What has been your biggest milestone?
As humans, we are dreaming and hoping at all times. What we think more than what we speak, is the language that we are throwing to the universe. The universe listens. So, you have to be very careful of what you think and speak. My dream was always to create a brand that would be loved and accepted across India and internationally. We’re on our way there. We’ve achieved a lot. But there’s so much more to do. I’m a man of the present today, so currently the entire focus is on putting together a fantastic couture show at India Couture Week to unveil a lovely collection.
Your favourite muse in Bollywood and why?
So many of my models, dear friends of mine, are now top film stars. Aishwarya Rai Bachchan, Sushmita Sen, Lara Dutta, Deepika Padukone, John Abraham, Katrina Kaif, and many more. So they were, in a way, already muses, now they just happen to pop up in Bollywood. I really don’t pick on anyone because I strongly believe that there are so many people working on themselves, their image, and the way they come across, that it will be almost unfair to single them out. I am just happy that I get to work with most of them.
Could you elaborate on the design process of creating costumes for Black Panther: Wakanda Forever?
Ruth E. Carter and I had already worked together for Coming 2 America. The original thought and sketch came from Ruth. We had several discussions. It was during the COVID-19 pandemic so travel was not really possible. It was a series of Zoom and telephone calls. Once we got a sense of the direction she was looking for, we started developing the textiles, unique colours, prints, and embroideries.
How would you describe the current state of the fashion industry?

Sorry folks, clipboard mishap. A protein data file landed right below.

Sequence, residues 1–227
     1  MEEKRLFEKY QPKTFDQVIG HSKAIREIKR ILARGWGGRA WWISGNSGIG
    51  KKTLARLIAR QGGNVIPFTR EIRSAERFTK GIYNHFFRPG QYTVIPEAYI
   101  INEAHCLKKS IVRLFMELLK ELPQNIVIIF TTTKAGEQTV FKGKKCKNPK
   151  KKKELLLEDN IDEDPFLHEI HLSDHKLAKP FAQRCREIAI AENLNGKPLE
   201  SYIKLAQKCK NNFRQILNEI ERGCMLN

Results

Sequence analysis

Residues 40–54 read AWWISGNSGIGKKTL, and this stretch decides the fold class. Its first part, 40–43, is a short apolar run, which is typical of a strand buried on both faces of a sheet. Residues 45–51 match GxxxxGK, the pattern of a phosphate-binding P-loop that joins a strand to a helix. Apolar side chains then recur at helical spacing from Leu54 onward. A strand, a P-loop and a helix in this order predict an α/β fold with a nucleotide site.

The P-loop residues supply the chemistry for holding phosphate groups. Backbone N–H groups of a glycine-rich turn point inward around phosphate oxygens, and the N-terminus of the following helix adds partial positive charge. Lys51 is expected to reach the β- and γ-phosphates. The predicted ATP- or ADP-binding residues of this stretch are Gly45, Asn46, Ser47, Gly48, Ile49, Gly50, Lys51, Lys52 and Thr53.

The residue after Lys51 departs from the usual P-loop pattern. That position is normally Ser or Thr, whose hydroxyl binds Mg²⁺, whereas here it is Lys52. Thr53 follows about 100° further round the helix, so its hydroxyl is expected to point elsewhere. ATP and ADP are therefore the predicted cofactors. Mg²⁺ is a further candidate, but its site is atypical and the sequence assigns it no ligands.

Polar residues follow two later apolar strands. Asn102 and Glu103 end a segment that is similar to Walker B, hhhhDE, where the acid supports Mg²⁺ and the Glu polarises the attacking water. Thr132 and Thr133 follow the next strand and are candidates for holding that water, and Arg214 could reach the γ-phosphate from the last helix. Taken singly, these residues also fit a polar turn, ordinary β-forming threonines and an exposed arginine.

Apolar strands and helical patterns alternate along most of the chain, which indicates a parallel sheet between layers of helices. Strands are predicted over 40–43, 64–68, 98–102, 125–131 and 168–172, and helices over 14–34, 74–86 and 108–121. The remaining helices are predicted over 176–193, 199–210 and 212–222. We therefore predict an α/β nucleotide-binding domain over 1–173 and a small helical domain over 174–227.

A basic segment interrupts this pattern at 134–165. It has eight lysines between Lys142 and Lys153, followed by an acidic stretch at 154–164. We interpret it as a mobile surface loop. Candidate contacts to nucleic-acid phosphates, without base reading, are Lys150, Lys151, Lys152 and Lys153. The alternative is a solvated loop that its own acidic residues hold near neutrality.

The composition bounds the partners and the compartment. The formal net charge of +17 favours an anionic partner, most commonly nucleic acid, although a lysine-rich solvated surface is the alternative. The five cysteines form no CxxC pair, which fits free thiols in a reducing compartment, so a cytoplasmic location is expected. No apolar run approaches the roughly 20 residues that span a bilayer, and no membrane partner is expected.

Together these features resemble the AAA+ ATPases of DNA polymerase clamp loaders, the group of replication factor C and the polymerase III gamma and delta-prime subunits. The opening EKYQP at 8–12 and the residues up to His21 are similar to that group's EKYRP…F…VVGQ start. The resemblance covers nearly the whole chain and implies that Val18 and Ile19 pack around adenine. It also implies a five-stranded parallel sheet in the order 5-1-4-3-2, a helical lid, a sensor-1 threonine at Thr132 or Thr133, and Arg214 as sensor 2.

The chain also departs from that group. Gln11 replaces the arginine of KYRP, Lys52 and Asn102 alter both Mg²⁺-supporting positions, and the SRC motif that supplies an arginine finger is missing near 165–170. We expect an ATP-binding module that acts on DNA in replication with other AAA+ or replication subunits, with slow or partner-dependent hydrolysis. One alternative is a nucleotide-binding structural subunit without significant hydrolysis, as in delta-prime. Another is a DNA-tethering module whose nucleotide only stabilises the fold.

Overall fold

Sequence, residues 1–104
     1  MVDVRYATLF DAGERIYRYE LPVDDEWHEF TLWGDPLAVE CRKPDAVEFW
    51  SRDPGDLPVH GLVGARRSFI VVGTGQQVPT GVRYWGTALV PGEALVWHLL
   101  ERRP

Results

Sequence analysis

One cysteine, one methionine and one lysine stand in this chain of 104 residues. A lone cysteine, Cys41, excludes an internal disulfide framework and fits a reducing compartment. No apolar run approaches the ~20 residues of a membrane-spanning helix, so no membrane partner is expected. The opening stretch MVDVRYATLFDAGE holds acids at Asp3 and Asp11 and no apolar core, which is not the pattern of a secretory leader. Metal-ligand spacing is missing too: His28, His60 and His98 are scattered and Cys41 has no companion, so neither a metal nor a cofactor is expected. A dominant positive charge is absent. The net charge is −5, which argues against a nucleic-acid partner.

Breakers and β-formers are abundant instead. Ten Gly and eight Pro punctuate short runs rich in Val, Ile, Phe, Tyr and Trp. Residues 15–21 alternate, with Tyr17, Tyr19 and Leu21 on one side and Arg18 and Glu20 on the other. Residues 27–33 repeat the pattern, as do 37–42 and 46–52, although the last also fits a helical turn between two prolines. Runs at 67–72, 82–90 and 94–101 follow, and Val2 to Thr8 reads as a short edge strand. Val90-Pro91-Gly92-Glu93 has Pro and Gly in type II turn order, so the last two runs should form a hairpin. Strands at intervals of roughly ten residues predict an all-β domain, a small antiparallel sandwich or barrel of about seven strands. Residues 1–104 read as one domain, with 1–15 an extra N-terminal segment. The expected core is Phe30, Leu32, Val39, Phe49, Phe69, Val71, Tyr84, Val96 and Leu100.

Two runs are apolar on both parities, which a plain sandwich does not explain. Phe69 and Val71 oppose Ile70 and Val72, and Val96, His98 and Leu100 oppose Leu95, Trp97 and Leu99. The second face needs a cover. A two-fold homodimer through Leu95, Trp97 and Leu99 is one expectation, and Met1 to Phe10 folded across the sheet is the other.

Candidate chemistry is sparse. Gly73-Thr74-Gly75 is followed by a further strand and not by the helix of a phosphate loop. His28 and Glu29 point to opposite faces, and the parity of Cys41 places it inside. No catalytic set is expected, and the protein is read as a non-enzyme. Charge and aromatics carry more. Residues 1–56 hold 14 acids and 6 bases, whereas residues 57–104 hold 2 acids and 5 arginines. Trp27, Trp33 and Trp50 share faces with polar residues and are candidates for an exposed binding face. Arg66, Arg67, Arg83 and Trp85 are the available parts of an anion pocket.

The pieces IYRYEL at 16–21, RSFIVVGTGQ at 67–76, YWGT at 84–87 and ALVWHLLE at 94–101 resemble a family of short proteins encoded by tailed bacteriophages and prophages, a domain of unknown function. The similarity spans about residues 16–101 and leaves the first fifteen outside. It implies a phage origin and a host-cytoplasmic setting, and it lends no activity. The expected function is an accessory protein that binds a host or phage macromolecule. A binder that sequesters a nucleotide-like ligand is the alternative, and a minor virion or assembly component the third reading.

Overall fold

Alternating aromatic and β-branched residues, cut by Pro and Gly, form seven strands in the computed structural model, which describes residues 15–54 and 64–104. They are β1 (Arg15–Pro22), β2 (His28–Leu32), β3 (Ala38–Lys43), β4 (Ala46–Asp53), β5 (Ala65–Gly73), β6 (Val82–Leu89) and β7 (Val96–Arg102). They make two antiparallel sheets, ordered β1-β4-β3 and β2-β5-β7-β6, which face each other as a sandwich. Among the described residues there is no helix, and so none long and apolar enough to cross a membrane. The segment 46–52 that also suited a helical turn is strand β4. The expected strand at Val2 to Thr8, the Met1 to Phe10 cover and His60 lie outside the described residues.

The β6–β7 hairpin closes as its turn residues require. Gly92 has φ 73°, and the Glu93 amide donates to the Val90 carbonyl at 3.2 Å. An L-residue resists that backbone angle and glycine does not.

Very buoyant to say the least. Nearly 60-70 per cent of the top brands are being bought into by corporates and it has kind of changed the game. It gives you the opportunity to take your brand, product, and name to greater heights. In the next five years, I am personally very keen to see what happens with such associations. There’s lots of talent, so let’s enjoy the moment.
Fashion is more inclusive now than it was before... your opinion?
It was always inclusive. We never spoke about it. Now we have social media and content creation is a huge thing. Suddenly everybody is constantly thinking of newer things to do to create that buzz. One person who would many years back spoken about inclusivity and then it trends like wildfire. And now everybody wants to be a part of that story. But the reality is that we’ve been very open to inclusivity ever since we launched our label. I am glad it’s more acceptable because it’s almost fashionable now to say that you’re inclusive. However, we do not have the right to differentiate and be picky and choosy.
What does the future hold for fashion?
Your guess is as good as mine. We’re all in various fields trying our best to do something beautiful and special. When you genuinely put in a lot of hard work and do something which is credible, the future is always bright. That’s the direction in which we’re all headed, and hopefully, there’ll be a lot more fashion moments coming our way.